Technology has opened our eyes to possibilities one could have never imagined to become a reality. And while there is plenty of discussion on how scientific advancements have made our world a lazier, more dependent place, they have also achieved so much worth celebrating, like technology being used to help animals with missing limbs become mobile again.
Mosha is an Asian elephant who lost her right foreleg from a landmine explosion, and she’s the world’s first recipient of an elephant prosthesis.
“When I saw Mosha, I noticed that she had to keep raising her trunk into the air in order to walk properly,” Jivacate said.
Though Jivacate ran into numerous design and biomechanics problems along the way, he was was able to make a 15-kilogram (33-pound) leg, made of thermoplastic, steel, and elastomer.
“We knew that she wouldn’t use the prosthetic leg if it caused her pain,” explained Jivacate. “At first, she was curious about what was attached to her stump and tried to remove the prosthetic with her trunk, but we’d secured it tightly.”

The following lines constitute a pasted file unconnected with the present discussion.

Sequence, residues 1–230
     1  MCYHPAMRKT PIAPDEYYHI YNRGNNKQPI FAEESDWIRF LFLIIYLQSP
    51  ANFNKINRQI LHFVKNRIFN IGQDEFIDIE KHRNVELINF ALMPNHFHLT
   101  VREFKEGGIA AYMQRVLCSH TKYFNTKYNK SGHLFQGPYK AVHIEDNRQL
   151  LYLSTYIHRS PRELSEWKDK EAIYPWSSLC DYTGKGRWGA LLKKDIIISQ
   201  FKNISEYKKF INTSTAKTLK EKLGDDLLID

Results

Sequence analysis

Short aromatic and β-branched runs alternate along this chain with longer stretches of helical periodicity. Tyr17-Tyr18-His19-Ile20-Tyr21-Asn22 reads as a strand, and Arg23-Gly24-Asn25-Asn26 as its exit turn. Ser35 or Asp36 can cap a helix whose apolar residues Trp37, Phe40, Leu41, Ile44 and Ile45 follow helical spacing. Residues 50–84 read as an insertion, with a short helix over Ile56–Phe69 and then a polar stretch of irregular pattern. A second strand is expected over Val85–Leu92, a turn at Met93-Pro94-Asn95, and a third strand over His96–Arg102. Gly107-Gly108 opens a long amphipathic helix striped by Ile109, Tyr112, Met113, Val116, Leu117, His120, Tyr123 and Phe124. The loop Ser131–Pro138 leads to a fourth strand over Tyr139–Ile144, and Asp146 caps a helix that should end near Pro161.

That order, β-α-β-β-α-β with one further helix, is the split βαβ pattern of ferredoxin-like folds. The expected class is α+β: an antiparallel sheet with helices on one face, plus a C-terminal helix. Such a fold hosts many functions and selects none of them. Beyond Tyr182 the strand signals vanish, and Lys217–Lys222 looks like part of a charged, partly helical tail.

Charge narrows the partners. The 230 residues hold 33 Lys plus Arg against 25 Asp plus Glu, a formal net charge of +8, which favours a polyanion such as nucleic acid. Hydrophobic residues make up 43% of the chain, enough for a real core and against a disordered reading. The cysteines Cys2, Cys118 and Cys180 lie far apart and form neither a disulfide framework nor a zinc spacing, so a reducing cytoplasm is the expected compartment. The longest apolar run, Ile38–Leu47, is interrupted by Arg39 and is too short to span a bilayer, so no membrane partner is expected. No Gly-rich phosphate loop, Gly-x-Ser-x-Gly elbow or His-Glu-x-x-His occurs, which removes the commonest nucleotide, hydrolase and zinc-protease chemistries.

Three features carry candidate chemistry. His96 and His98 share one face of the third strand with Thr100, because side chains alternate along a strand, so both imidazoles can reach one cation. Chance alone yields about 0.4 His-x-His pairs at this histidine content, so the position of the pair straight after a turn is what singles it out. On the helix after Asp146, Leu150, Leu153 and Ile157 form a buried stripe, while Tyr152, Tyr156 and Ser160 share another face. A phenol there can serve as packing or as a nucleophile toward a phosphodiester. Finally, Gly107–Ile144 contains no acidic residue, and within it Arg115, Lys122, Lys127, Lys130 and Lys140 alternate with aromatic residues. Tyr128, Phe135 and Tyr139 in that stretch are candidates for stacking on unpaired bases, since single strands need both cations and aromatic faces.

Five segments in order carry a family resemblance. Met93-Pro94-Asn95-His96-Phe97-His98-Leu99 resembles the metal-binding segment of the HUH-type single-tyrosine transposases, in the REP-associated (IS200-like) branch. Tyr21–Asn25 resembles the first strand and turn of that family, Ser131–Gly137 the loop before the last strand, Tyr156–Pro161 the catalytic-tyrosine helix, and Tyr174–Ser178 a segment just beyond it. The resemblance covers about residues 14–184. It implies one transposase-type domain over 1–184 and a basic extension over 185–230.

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Over the past six years, Mosha’s increasing weight and size has put stress on the prosthetic leg, causing her to go through a total of 9 forelegs in the past six years.
“Mosha grows fast,” Jivacate laughed. “In the first year, she went through three prosthetic legs.”
Jivacate says much of his designs are simply a result of trial and error, and are not found in medical textbooks. He says he is still trying to find the perfect prosthetic with materials that are more durable and resistant to wear.
“Animals don’t ask that we make legs for them, but we wanted to give Mosha one,” said Jivacate. “I think she knows that I make her prosthetic legs as each time I come to the elephant hospital she makes a little salute by raising her trunk in the air.”
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